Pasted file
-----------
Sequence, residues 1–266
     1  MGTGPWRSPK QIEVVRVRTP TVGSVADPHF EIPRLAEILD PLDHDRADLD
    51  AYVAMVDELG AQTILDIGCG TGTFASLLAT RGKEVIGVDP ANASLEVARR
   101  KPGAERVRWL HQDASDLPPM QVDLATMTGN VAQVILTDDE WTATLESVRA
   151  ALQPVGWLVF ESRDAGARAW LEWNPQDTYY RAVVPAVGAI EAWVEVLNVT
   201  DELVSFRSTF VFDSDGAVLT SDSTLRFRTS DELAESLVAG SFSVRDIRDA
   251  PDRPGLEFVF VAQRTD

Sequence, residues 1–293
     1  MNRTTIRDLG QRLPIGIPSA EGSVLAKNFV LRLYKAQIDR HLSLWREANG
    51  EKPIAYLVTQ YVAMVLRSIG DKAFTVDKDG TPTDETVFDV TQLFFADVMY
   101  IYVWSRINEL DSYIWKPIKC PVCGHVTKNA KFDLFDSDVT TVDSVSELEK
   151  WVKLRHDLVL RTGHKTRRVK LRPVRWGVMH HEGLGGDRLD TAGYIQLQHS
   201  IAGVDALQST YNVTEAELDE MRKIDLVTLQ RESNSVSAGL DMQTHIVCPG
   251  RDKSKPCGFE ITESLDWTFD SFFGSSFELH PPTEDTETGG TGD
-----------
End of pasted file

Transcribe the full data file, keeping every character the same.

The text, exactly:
Sequence, residues 1–266
     1  MGTGPWRSPK QIEVVRVRTP TVGSVADPHF EIPRLAEILD PLDHDRADLD
    51  AYVAMVDELG AQTILDIGCG TGTFASLLAT RGKEVIGVDP ANASLEVARR
   101  KPGAERVRWL HQDASDLPPM QVDLATMTGN VAQVILTDDE WTATLESVRA
   151  ALQPVGWLVF ESRDAGARAW LEWNPQDTYY RAVVPAVGAI EAWVEVLNVT
   201  DELVSFRSTF VFDSDGAVLT SDSTLRFRTS DELAESLVAG SFSVRDIRDA
   251  PDRPGLEFVF VAQRTD

Sequence, residues 1–293
     1  MNRTTIRDLG QRLPIGIPSA EGSVLAKNFV LRLYKAQIDR HLSLWREANG
    51  EKPIAYLVTQ YVAMVLRSIG DKAFTVDKDG TPTDETVFDV TQLFFADVMY
   101  IYVWSRINEL DSYIWKPIKC PVCGHVTKNA KFDLFDSDVT TVDSVSELEK
   151  WVKLRHDLVL RTGHKTRRVK LRPVRWGVMH HEGLGGDRLD TAGYIQLQHS
   201  IAGVDALQST YNVTEAELDE MRKIDLVTLQ RESNSVSAGL DMQTHIVCPG
   251  RDKSKPCGFE ITESLDWTFD SFFGSSFELH PPTEDTETGG TGD